The Great Recession is over, and many workers are getting raises once again, including those who work for government agencies that had to trim their budgets and their staffs. Well, make that some government workers.

As VOSD reporter Lisa Halverstadt discovers, the restarted raise train has left many local government workers at the station: “The average worker for San Diego County and the patchwork of local municipalities and agencies in the county makes about 3 percent less per week than she did in early 2009 when you include inflation.” But federal and state workers have seen average boosts in pay of at least 19 percent.

What does this all mean? “Local governments are only starting to emerge from years of cuts associated with the most serious economic drought in a generation.”

Stadium Freebies May Need to Bolt

• Mayor Kevin Faulconer is taking aim at freebies at the football and baseball stadiums: According to the U-T, he wants to eliminate tickets to luxury boxes that City Council members get to hand out for various events like games and concerts: “The teams would take over the two suites — one at each venue — in exchange for fees that the city could use to fill potholes, fix sidewalks or cover other expenses.”

The changes aren’t likely to take effect until next year’s baseball season. They may get some opposition: A couple Democratic Council members have given away hundreds of tickets this year, with Councilman David Alvarez saying they help people attend events at stadiums that they’re paying for. No Republican Council members have donated any.

• Just as the swallows return to San Juan Capistrano, the hopes for an NFL team in L.A. are eternal. Also infernal, depending on your point of view. Now, an NFL source tells NBC Sports that the our neighbors to the north should be getting a team — or two! — in the next year or two. But who? The Chargers, perhaps, or the Raiders or Rams.

Election Roundup: Boehner Backs DeMaio

• House Speaker Boehner is heading to our state to fundraise for congressional candidate Carl DeMaio, and conservative “family values” groups are upset that he would support someone who’s openly gay.

The Log Cabin Republicans, the gay GOP organization, is miffed that Boehner is getting flak for supporting a gay candidate. The executive director of the Log Cabin Republicans tells Talking Point Memo that critics of Boehner are mostly “outliers in the GOP.”

• A poll suggests that California voters like Prop. 47, which would turn some non-violent felonies into misdemeanors in order to reduce the prison population. Digital Journal digs into the issue and finds that it’s created some unusual bedfellows, with both liberals and conservatives (like Newt Gingrich) uniting to support it.

One of the proposition’s two creators is William Landsdowne, the former San Diego police chief. Other police chiefs hate Prop. 47. The story quotes the current San Diego police chief, Shelley Zimmerman, who says “virtually all of law enforcement is opposed.” She adds: “It’s virtually a get-out-of-jail-free card” for thousands of felons. (By the way: Yesterday’s Morning Report used too-strong language to describe Landsdowne’s resignation. It’s correct to say that he resigned under fire.)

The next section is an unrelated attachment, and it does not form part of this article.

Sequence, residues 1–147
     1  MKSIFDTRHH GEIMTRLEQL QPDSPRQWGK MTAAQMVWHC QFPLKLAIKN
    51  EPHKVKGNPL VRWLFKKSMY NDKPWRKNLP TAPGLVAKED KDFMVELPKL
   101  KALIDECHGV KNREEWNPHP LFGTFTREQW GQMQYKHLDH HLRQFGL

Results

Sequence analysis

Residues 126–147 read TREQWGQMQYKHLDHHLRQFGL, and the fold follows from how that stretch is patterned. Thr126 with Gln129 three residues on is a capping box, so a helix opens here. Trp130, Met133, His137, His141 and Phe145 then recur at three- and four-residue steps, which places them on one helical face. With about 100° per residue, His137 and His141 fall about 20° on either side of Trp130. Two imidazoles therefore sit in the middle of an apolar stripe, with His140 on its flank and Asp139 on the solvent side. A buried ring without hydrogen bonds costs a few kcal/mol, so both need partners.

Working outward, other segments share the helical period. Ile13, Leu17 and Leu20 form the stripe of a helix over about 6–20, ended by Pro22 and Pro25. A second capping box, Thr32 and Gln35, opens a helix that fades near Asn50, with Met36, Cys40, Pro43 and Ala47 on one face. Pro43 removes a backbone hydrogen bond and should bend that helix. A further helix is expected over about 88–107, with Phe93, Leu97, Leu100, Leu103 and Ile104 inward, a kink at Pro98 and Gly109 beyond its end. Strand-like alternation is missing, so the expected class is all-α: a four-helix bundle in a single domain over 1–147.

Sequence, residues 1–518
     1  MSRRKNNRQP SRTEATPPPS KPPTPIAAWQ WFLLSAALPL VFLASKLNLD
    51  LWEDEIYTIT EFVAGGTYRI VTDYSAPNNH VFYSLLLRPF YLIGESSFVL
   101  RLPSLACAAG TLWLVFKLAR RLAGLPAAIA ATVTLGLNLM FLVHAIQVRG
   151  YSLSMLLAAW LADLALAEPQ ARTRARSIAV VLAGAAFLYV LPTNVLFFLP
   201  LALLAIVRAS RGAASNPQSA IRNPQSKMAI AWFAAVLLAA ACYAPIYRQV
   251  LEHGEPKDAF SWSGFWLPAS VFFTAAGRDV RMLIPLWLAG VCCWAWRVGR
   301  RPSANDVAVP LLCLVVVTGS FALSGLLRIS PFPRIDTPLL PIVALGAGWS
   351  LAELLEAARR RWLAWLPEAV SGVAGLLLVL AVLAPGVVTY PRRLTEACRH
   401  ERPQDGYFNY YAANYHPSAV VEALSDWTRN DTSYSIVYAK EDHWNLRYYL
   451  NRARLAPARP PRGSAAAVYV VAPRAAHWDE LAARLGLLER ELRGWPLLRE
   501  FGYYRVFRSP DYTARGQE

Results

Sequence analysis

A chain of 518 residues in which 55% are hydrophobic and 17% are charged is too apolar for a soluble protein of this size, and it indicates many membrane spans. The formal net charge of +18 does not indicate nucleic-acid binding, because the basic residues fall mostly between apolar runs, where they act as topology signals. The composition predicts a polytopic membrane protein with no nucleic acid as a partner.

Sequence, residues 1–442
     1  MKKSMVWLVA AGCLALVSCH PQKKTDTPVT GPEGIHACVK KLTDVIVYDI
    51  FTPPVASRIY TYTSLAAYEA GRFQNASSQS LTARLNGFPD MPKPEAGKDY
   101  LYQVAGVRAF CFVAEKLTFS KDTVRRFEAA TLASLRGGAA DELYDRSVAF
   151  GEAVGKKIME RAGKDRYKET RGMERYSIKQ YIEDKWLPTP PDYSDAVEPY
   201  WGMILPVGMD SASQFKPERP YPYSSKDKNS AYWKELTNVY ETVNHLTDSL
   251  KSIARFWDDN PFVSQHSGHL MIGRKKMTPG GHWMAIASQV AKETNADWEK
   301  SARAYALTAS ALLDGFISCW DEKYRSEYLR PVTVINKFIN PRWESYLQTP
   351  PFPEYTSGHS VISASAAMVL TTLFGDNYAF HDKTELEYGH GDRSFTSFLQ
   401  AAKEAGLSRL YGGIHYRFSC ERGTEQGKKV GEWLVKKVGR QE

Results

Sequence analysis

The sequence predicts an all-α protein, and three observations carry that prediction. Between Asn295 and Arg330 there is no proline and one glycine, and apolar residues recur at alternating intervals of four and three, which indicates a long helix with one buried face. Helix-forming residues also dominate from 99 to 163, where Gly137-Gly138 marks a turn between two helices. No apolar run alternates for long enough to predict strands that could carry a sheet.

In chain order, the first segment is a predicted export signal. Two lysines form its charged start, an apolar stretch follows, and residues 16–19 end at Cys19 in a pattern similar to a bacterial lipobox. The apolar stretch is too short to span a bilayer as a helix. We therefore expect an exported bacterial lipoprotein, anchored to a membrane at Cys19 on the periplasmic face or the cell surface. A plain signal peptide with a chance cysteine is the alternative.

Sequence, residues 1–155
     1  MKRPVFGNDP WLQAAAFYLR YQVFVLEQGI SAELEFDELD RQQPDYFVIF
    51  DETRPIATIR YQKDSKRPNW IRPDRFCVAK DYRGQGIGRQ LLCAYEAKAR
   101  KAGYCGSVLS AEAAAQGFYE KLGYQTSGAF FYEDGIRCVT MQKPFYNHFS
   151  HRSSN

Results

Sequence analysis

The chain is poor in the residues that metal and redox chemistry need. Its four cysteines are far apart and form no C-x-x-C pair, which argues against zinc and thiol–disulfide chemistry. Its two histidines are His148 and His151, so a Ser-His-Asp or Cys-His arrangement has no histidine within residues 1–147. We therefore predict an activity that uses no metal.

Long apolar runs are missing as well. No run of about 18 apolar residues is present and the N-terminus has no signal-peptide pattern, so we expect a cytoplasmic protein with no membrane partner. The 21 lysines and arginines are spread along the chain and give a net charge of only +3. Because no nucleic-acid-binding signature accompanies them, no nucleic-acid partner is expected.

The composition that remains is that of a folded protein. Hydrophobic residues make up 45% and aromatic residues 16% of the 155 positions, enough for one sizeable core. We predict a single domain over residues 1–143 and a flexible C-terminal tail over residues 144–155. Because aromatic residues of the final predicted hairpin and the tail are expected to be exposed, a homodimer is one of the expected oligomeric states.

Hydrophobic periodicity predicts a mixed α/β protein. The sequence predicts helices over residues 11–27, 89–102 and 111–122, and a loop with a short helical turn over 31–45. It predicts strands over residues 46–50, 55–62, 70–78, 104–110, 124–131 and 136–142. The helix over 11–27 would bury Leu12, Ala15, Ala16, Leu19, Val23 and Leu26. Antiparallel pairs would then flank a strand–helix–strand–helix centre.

The New York Times has a story about the measure too: “The referendum on Nov. 4 is part of a national reappraisal of mass incarceration.”

Quick News Hits

• Councilwoman Marti Emerald says she is healing after breast cancer surgery that went “very well.”

• Surprise! A computer projection predicts that California would do OK even if a “mega-drought” lasts for 70 years. (L.A. Times)

• Carl Cohn, a former superintendent of San Diego schools, writes in a commentary for EdSource that the ruling against teacher tenure in California “reinforces a completely false narrative in which incompetent teachers are portrayed as the central problem facing urban schools.”

For background on the teacher tenure debate, check our previous coverage and a look at what’s next.

Meanwhile, a drug-sniffing dog is annoying folks in San Diego Unified.

• Could this the lamest title for a Top 5 list ever? San Diego places fourth on Huffington Post’s “America’s Top 5 Cities to Keep on Your Radar.”

• If you visit the zoo or the animal repository formerly known as the Wild Animal Park, make sure to smile at the giraffes. They sure could use the attention. As the New York Times reports, “until recently almost nobody studied giraffes in the field.” They’re a “forgotten megafauna,” says one specialist, whatever that means. Never mind that they’re among the most majestic and mysterious animals around.

As a guy who’s asked “How tall are you?” just about every day, I feel their pain. And the giraffes, who hardly make any sounds at all, can’t even respond with a snappy “How short are you?” comeback.

Randy Dotinga is a freelance contributor to Voice of San Diego and president of the American Society of Journalists and Authors. Please contact him directly at and follow him on Twitter:

Randy Dotinga

Randy Dotinga is a freelance contributor to Voice of San Diego. Please contact him directly at

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